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  2. It was interesting to read about your ideas on metals, because I also think it’s important that we understand how it is being used to contrast the jewels and all the ideas and significances that surround them. The properties of both jewels and metals, I think, can also reflect the sides that are using them. Jewels represent preservation—of beauty, light, and all that is good. This is exactly what the “Good Guys” are doing. They are trying to preserve the most good in a world being overtaken by evil.

    The properties of metals can tell a different story about the side that’s using them. Tolkien talks about the coming of Industry (as you said), which is something we tend to think about nowadays as an advancement in history and technology and modernity. In the mythology, however, I think it symbolizes destruction—the destruction of the good that the Good Guys are trying to preserve. The physical appearance and properties of metals echo the nature of the side they are mostly paired with. Like you said, they are darker and less reflective, and with the exception of a couple of metals, they are easier to destroy than jewels. So, while it may seem that there is a bigger amount of metals around, the few jewels that remain are not easily destroyed. It’s just like the Bad Guys and the Good Guys! :)

    Seleste M.

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  3. The different ways in which jewels and metals are worked also points to the way in which the forces of good and evil work towards victory. Jewels are naturally occurring, and only require cutting slightly to clear away outer impurities and to bring out their natural reflective beauty. However metal is found in chunks of ore, that must be totally melted down, and hammered or twisted into its desired shape.

    The good characters like Frodo or Beren start out as normal people, who are slowly rid themselves of their 'impurities', like doubts, fears, etc, and are polished by their experiences into brilliant heroes and heroines.

    The bad however are destroyed and remade as Sauron sees fit, such as the way the ring broke down Gollums mind, or the way in which the orcs were created, taking something natural and twisting it to his own purposes.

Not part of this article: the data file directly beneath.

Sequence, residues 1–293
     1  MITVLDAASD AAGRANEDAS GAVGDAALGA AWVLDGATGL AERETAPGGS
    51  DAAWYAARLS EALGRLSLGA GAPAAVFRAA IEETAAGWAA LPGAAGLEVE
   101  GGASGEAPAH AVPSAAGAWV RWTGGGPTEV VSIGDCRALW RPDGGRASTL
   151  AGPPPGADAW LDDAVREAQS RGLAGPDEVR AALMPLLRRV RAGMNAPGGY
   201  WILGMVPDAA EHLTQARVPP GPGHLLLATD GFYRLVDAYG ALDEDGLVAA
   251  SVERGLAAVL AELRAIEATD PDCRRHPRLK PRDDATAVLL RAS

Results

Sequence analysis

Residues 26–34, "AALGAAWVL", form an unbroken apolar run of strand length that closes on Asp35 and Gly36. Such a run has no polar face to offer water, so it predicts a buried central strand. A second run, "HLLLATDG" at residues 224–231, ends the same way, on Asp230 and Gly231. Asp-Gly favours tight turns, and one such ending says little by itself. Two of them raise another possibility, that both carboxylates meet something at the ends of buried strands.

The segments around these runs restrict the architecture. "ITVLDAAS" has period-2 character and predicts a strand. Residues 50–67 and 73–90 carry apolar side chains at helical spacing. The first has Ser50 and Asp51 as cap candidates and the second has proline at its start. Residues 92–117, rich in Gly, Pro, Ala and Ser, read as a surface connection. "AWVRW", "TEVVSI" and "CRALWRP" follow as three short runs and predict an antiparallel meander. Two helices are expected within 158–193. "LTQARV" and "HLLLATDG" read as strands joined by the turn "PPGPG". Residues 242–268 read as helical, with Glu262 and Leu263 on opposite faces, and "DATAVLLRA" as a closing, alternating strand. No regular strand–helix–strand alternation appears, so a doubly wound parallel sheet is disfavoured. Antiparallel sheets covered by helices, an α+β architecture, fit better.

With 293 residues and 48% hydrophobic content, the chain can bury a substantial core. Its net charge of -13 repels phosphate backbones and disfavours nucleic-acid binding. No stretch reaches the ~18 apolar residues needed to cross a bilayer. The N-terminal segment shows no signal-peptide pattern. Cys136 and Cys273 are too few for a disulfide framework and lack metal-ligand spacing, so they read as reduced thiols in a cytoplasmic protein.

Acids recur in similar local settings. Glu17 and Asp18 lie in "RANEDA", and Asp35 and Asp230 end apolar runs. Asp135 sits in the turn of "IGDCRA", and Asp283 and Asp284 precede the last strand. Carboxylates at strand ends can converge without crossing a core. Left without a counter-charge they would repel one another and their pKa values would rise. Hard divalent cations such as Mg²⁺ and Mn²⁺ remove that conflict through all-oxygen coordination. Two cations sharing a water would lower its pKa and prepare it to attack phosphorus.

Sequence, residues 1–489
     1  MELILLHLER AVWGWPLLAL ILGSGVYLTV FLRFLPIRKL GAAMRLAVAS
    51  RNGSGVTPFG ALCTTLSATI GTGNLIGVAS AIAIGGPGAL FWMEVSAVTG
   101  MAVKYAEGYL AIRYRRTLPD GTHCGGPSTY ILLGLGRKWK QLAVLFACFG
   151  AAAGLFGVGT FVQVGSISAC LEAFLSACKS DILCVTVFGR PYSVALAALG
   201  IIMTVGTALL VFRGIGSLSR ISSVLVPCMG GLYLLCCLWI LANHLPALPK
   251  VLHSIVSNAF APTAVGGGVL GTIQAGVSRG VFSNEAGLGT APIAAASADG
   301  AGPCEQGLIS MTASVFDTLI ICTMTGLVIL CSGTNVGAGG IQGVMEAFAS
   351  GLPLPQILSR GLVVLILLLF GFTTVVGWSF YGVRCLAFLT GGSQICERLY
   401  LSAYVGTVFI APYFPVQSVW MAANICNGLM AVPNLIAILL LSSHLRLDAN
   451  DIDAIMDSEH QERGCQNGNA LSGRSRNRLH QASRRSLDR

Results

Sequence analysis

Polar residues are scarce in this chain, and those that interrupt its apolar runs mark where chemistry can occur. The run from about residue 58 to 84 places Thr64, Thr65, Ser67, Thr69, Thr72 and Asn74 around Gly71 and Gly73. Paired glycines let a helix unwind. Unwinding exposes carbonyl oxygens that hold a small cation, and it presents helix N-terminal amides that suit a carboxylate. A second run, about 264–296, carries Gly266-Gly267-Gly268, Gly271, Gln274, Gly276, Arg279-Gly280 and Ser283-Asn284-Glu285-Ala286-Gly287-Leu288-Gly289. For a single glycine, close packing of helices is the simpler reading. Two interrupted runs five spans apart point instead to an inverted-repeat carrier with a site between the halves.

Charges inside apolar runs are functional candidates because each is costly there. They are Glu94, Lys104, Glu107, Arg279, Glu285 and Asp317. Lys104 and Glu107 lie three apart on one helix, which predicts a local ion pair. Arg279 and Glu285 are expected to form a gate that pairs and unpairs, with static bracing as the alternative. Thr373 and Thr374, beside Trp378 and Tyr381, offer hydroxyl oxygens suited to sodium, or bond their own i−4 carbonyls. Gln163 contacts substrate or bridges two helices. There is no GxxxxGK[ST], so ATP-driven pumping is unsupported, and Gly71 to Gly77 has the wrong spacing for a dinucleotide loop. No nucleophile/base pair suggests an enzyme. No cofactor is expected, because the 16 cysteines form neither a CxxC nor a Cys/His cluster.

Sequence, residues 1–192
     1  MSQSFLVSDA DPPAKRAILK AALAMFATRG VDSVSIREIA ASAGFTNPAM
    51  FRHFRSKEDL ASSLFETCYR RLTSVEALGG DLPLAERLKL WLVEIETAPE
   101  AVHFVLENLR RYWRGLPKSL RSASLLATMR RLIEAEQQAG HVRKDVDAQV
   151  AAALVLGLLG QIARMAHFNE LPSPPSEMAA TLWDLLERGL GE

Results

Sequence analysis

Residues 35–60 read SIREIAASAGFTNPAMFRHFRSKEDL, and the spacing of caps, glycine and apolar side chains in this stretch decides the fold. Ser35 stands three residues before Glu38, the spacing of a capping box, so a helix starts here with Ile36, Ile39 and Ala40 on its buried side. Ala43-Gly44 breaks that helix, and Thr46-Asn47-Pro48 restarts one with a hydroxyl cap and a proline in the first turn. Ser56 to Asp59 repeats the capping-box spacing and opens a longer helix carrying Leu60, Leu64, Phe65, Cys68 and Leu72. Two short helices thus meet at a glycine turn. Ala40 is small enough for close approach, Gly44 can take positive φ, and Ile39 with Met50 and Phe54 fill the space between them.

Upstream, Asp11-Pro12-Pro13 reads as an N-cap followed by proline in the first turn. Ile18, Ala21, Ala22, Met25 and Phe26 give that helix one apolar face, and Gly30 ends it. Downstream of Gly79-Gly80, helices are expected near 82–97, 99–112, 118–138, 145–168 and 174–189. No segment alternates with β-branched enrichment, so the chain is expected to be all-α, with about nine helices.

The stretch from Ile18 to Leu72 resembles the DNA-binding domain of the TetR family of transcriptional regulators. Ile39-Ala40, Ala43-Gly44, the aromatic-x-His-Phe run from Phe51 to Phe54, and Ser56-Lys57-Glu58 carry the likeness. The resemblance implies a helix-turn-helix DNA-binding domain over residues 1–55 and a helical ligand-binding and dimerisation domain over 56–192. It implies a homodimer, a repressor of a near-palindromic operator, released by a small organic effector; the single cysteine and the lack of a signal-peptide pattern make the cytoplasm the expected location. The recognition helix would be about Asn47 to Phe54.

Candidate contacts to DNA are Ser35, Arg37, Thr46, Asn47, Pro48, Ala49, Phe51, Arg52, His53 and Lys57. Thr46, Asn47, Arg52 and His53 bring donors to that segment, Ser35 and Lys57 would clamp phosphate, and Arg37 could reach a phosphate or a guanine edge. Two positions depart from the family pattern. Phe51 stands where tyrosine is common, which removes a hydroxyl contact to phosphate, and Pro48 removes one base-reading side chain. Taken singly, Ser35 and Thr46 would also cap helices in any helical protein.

-Katie M.

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  4. One of the additional ideas that I am most interested is where iron comes from. I believe that you hint at this in your post, so please excuse me if I am being repetitive.

    Iron, as you point out, involves the destruction of Trees, but I'd add that its not just destruction in any old way, its burning. This burning of the trees releases all of the "light" that they have to offer and "blackens" them. They then take ore from the darkest places of the world, and melt it down, once again releasing light. It is as if they are killing the products from which iron is made in order to produce it, this dark lifeless thing.

    Charles Martino

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  5. I enjoyed reading your post on the alternate perspective. Gems and iron are in fact different and their dichotomy plays an important role in the legend as a whole. One of your points which I thought was the most important (and which you also agreed was a key component of jewels) was the fact that jewels “not only allow light to shine through them, but also bend light into new hues and colors that couldn’t be seen besides.” This immediately reminded me of our discussion in class towards the beginning of the quarter about sub-creation. Jewelry, as a whole, has amplification properties. Though some jewels can supposedly create light on their own, for the most part jewels refract and magnify the light that is around them in such a way that we can better appreciate the light. Similarly, sub-creation “refracts” our primary reality in a new way. Iron, conversely, does not have this characteristic and, as you wrote “neither reflects nor refracts light.” Jewelry can thus also be seen as “good” inasmuch as it is “living” and also taking part in creation while iron is a dead metal which seems to demonstrate a lot of destructive properties.

    B. Wille

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  6. I think it is also worth pointing out that the chain which binds Morgoth was not originally formed for that purpose: he wore it as decoration, perhaps as a substitute until the Silmarils could be obtained? Perhaps there is a larger argument to be found there, an argument which explores how evil binds and entraps itself.

    I find it interesting that, while the Dwarves have a great affinity for the earth and have mastery of metal, the crown of Durin is formed out of natural things which have not been controlled or shaped: the mountain peaks and shining stars (do we think these are actually jewels? I'm curious) reflected in Kheled-zâram.

    Finally, I'd just like to point to Gimli's descriptions of the caves behind Helm's Deep. Despite being comprised of minerals and jewels and what we consider to be inanimate objects, he describes them as gardens and living areas. I think this goes back to your earlier point as to the inherent nature of jewels, which require only a little light to shine and reflect onto the world. There appears to almost be a form of sub-creation occurring here. It is the world as we know it, but in a different form and through different eyes. And the pact that Legolas and Gimli make to explore each together seems to indicate a desire to enter a Secondary Reality to further appreciate the Primary.